Many people skip breakfast during the holidays in order to see calories for the big calorie dense meals. This is counterproductive, and it simply leads to a very hungry person roaming a very tempting buffer. Instead, eat a healthy breakfast, and preferably a healthy snack before dinner as well.
The idea of being addicted to food may sound strange or even impossible to some, but there are thousands of people that have experienced this before. Food addiction leads to overeating and often causes a person to opt for unhealthy food choices, which may contribute to many consequences. Obesity and malnutrition, as well as poor mental and physical performance, are only some of the adverse effects that constant binge eating has.
You Can Overcome Your Food Addiction
Once you notice signs that you may have a food addiction problem, such as finding yourself depressed when there is no chocolate left over in the house, it may be time to take appropriate measures. Let’s take a look at seven particular methods that have been proven useful to help you overcome your addiction and to help restore a better balance in your life.
- It may seem like a good idea to give up all that constant eating at once, but gradually slowing yourself down might be a more effective method. Take it slowly for best results.
- Don’t go out buying an inventory of the items that you find yourself binging on. Rather keep these items out of your home to ensure you do not grab for chocolate or packet of chips.
- Exercise has the ability to increase dopamine, something that happens in your brain when you eat food while suffering from food addiction. Go for a run the next time you want to eat something you know you shouldn’t.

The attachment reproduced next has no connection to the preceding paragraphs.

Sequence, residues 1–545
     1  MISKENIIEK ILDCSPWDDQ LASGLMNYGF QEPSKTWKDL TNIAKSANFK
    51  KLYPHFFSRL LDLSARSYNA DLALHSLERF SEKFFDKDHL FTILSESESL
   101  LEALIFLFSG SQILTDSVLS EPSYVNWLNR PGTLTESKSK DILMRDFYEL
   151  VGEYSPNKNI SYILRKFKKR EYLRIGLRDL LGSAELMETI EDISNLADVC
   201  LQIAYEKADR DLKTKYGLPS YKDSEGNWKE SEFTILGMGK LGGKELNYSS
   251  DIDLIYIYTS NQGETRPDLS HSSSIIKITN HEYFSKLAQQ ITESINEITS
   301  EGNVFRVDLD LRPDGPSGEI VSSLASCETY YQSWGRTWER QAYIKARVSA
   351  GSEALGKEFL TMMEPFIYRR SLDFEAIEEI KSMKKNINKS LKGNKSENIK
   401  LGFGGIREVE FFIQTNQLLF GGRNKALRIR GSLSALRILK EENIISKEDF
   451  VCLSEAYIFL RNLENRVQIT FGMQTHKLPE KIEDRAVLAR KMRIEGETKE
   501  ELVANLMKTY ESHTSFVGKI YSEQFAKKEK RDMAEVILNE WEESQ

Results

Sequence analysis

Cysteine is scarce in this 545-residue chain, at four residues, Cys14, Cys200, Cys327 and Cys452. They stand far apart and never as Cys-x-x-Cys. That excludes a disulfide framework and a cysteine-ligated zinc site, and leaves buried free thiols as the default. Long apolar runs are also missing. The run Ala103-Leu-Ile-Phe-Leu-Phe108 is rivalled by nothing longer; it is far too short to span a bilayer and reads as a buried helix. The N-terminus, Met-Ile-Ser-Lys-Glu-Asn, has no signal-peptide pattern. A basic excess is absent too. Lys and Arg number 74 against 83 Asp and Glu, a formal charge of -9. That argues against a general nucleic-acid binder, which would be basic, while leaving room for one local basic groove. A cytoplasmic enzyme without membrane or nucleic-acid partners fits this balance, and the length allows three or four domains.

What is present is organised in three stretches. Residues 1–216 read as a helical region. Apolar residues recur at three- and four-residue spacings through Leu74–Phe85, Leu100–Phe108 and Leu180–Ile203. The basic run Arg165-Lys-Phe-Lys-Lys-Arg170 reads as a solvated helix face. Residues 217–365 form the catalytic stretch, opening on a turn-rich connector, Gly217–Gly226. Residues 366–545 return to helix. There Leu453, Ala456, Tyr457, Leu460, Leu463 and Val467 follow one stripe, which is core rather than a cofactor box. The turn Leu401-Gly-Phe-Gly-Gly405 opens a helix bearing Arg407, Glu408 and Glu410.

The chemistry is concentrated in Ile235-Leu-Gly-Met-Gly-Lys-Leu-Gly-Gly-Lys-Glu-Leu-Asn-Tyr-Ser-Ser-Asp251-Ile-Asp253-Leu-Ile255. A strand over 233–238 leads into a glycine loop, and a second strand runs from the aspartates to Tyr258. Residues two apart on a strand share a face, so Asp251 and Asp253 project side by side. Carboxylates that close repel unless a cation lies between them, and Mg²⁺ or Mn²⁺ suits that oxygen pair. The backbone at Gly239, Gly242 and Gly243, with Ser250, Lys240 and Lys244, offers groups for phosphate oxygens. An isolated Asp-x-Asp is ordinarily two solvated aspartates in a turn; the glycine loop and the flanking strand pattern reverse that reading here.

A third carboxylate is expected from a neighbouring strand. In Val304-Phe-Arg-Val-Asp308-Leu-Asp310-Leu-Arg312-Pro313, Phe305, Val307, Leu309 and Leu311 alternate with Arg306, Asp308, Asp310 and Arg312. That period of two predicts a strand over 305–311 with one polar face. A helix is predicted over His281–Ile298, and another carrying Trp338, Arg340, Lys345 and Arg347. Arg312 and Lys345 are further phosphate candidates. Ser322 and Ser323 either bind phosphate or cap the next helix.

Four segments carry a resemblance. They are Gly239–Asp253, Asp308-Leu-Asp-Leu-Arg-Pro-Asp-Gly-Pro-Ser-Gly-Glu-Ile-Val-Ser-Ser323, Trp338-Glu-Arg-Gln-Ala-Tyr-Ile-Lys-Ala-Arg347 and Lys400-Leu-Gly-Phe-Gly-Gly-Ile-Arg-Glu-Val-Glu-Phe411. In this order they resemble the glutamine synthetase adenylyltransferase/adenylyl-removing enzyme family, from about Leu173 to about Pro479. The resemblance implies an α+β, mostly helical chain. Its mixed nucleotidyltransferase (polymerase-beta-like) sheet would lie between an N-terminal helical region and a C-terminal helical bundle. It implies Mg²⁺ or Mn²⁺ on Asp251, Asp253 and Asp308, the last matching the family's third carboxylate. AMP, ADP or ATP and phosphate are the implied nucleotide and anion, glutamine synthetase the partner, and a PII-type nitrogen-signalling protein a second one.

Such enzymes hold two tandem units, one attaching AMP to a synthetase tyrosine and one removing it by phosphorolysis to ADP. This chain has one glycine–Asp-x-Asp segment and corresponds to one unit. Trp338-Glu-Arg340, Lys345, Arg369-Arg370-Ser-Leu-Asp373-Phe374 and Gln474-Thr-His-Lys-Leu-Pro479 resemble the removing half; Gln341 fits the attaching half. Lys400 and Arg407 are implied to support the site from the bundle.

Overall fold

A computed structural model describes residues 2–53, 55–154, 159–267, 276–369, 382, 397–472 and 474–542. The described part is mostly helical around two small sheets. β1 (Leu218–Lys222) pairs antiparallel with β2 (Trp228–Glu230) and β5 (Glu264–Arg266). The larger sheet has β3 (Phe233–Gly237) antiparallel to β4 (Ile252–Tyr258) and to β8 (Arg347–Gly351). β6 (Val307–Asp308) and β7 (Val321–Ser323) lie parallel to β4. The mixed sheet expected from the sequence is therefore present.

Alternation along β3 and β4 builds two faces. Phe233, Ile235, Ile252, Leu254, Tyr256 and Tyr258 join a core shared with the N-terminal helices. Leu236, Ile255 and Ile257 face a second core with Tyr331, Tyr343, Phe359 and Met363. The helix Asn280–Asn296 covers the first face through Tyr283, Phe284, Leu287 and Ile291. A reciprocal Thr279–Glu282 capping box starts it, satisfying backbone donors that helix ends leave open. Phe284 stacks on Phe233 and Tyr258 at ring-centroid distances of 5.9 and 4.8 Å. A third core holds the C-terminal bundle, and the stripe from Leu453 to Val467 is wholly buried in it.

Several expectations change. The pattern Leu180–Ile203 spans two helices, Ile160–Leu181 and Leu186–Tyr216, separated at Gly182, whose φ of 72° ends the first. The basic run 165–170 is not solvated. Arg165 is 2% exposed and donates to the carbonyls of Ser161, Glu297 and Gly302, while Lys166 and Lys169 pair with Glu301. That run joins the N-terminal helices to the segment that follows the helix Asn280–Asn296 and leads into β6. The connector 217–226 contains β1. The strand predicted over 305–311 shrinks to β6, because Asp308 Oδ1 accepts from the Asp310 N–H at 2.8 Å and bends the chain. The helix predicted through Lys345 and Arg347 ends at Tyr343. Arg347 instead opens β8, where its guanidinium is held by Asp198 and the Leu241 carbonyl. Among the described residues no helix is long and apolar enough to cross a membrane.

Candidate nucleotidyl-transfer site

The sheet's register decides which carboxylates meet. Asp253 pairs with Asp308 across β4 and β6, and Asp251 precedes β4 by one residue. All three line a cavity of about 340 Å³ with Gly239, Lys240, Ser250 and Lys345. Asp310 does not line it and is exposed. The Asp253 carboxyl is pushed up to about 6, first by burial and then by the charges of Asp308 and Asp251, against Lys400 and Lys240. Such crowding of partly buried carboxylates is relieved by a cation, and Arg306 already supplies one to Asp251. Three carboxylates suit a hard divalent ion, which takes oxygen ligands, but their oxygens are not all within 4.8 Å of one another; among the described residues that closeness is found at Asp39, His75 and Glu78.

- It is also important to realize when you are hungry and when you are simply craving. Eat when you are hungry and have a glass of water when you are experiencing a craving.
- Go on a detox that introduces healthier food choices into your body, which will help you recover from having to opt for seconds during dinner, as well as help you get rid of the unhealthy food choices.
- Depression can be linked to eating disorders in some cases. If you find that your depression is causing you to binge, then see a therapist to work through your mental problems.
- Eat more whole-foods that are known to stimulate dopamine product, which will help you experience the feeling you are after when binging, but without the unhealthy options.
The holiday season need not ruin your weight loss efforts. The above tips will help you go into those decadent buffets, eat and enjoy your time, while still enjoying weight loss success. Food addiction is a serious problem that needs to be addressed more often in media publications, as well as in awareness campaigns. The consequences of frequently consuming food include a higher risk of obesity, as well as many other problematic issues. Here, we have shared seven excellent ways a person may overcome their food addiction; thus allowing them to restore their natural eating habits and enjoy a life where not having a constant supply of food will not make them feel sad or depressed.